Identity-portfolio-management: a data-led research study of organisational entrant engagement in processes of identity-creation and identity management
Brunton, James (2009) Identity-portfolio-management: a data-led research study of organisational entrant engagement in processes of identity-creation and identity management. PhD thesis, Dublin City University.
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This PhD dissertation examines the identity-creation and identity-management processes involved in an individual’s entry into a new organisational context. This examination was achieved through the utilisation of a multi-method research design, with a quantitative component supporting the dominant qualitative component of the research study. The data collected from the participants, thirty-four first year mature students in two Irish Universities, was principally analysed utilising a discursive psychology analytic approach. The principle research findings were that the participants managed their identity-structures (identity-portfolios) through two interrelated processes. They managed their identity-portfolios through both a management of overarching narratives, acutely relevant during the identity-creation process, and through their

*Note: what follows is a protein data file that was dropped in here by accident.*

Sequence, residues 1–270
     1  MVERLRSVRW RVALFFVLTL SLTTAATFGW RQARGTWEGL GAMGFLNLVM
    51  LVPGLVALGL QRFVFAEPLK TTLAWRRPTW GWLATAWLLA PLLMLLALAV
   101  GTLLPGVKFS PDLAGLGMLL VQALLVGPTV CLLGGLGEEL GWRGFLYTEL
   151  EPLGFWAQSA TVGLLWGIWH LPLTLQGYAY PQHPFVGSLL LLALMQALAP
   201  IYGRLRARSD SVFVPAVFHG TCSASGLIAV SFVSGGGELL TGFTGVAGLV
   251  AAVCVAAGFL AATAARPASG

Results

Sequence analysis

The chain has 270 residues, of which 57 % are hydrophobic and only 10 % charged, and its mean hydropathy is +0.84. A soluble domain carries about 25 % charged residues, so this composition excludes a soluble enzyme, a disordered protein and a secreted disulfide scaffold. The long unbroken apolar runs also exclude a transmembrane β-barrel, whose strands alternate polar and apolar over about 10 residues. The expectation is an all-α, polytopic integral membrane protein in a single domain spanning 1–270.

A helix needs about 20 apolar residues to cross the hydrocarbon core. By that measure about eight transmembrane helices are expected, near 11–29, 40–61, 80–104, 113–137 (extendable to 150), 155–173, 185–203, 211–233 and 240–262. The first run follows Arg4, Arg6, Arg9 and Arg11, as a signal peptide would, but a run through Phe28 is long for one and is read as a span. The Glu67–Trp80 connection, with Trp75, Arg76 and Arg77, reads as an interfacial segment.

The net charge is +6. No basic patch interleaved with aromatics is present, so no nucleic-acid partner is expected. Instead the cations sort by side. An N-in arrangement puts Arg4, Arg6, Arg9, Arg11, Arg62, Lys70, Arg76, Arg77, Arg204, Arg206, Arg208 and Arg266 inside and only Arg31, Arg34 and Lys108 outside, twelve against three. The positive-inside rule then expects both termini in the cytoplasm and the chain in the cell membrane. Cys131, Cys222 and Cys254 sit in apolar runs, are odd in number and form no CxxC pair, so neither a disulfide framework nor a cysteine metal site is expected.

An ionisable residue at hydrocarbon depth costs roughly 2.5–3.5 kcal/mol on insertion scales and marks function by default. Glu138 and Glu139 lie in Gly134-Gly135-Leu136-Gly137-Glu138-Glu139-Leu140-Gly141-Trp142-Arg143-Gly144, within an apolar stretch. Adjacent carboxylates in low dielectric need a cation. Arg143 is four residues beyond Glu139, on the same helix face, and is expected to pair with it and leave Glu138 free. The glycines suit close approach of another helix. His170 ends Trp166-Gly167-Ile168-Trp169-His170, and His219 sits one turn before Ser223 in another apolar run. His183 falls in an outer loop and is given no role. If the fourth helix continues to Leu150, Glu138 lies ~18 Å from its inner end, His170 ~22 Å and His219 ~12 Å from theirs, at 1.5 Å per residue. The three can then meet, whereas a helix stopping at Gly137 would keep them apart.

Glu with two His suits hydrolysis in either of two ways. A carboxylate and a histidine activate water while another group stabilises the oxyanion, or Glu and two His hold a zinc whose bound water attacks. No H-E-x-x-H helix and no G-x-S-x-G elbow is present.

engagement in day to day identity-management processes. The degree of success with which a participant managed these processes impacted upon their decision whether or
not to remain in university and determined the form of the new context-specificidentity, and ultimately their overall identity-portfolio. This dissertation ultimately presents a model of identity-portfoliomanagement, based upon the research findings. This new model, grounded in
participant data, adds to the existing literature by providing a new means of examining issues related to how individuals, in adulthood, manage their identity and
offers a new perspective on how this process can be explained.
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